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Author Topic: Stale NFS file handle  (Read 6102 times)
mossroy
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« on: September 10, 2009, 01:15:56 PM »

It's the second time I have this problem.

The error message "Stale NFS file handle" appeared on various commands, after a power-cut.
My root filesystem is on a ext2-formatted SDHC card.

I took the card and did a e2fsck on it on my computer : it had several broken files in /etc and /var/log/messages
After a repair, the filesystem seems ok, and everything seems fine.

Anyway, I wonder why a simple power-cut can damage the filesystem of my sd card. The power-cut was not due to overvoltage or storm : it was an intentional cut, to be able to work on the power wires of my apartment.

Maybe if the card was formatted with ext3, it would be safer? But I did not manage to make it work with ext3 (see http://plugcomputer.org/plugforum/index.php?topic=183.msg3467#msg3467)

Did you have the same problems? Any idea of how to avoid that?
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restamp
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« Reply #1 on: September 10, 2009, 01:38:58 PM »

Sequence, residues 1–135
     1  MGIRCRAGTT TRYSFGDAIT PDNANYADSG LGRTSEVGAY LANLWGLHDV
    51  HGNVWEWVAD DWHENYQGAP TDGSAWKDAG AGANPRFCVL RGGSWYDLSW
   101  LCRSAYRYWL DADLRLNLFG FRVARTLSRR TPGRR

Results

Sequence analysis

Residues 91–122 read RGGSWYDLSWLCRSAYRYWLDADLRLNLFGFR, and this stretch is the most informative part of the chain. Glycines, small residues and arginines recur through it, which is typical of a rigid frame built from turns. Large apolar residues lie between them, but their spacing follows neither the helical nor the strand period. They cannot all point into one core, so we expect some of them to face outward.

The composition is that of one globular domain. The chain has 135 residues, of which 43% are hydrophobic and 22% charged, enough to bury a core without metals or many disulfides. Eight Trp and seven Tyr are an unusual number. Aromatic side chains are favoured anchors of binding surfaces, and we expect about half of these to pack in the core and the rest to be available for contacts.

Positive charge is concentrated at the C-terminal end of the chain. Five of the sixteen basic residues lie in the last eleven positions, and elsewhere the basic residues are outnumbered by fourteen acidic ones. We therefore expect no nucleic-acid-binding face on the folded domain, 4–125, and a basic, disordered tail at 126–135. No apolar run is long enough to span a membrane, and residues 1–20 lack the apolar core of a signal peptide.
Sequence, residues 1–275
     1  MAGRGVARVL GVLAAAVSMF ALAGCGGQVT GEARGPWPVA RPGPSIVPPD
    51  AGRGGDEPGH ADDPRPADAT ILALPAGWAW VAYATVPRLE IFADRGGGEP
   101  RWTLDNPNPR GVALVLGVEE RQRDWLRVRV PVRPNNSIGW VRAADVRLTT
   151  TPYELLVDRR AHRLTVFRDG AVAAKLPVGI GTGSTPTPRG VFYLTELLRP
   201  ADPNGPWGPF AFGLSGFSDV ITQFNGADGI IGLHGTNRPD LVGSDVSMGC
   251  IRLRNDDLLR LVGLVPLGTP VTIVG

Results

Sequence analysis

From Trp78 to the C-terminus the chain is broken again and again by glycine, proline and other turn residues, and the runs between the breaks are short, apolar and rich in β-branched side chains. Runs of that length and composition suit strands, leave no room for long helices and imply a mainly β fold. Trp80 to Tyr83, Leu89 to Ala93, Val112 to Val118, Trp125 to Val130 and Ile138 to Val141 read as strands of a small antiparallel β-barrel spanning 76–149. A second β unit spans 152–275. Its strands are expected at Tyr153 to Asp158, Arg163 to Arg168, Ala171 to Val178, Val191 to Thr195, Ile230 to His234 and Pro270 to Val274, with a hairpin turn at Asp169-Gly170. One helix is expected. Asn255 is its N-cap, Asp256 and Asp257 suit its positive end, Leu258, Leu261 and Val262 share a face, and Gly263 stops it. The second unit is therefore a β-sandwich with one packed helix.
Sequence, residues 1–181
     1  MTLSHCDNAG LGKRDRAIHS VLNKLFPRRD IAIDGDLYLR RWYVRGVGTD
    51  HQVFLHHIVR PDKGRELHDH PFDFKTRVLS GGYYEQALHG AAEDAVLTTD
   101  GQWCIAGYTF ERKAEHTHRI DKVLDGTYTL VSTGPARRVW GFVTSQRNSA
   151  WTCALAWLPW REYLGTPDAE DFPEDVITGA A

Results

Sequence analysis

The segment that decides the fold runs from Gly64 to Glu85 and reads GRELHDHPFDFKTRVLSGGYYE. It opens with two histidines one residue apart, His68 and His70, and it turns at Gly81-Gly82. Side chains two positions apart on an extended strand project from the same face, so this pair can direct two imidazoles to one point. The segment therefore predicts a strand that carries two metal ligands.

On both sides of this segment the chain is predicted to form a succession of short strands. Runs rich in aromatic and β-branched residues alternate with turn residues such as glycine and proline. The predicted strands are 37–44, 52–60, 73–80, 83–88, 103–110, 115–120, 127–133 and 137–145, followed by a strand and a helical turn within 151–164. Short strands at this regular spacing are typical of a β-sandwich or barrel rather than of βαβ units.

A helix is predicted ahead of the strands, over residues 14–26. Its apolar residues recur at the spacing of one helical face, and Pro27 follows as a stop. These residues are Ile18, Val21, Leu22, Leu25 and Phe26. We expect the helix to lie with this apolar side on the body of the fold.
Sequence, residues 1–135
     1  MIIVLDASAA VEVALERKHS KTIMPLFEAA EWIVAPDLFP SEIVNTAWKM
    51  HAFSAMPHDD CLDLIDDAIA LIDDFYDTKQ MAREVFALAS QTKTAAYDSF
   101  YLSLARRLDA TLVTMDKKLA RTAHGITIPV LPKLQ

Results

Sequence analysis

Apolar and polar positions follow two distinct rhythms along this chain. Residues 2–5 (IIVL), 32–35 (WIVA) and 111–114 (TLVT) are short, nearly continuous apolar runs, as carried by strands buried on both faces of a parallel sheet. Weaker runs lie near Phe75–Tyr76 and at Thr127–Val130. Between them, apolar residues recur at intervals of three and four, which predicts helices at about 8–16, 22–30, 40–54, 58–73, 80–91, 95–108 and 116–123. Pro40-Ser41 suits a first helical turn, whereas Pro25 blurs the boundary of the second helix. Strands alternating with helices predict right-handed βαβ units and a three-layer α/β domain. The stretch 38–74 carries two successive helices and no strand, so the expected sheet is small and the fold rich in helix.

Generally, this message occurs when you have an NFS mounted file system and the file the client has an open file descriptor for no longer exists on the NFS server, or perhaps its inode has changed or something of that nature.  It really has nothing to do with ext2 or ext3 file systems per se.

Are you seeing this on your Plug, or on another machine?  Do you have any file systems NFS mounted?  Are you perhaps using TFTP to boot and remotely mounting your root filesystem, rather than using what is on the device itself?
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mossroy
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« Reply #2 on: September 10, 2009, 01:51:34 PM »

I don't use NFS at all on the sheevaplug.
I did not install NFS on it (but maybe it is installed : any way to check that? In /etc/init.d I have a mountnfs.sh and mountnfs-clean.sh, but no nfs-*.sh)

I see the error messages on the plug itself (connected via ssh).
I don't use tftp. I sometimes use sftp to access files from my main computer (but it was not even powered on).
I also use rsync to backup the plug on my computer.

I think it must be related to the corruption of my filesystem. Because the e2fsck repair made the error message disappear

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birdman
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« Reply #3 on: September 10, 2009, 03:38:20 PM »

The error message "Stale NFS file handle" appeared on various commands, after a power-cut.
That should only be reported by a client that has an NFS file system mounted from a server.  It can occur if yoiu have a handle to a file which has been replaced from a 3rd system, or if the server itself reboots and has to fix the file-system (so that its version number changes). This latter bit sounds close to what you see, except you say you aren't running NFS.  In that case you shouldn't see the message at all.  So somewhat odd.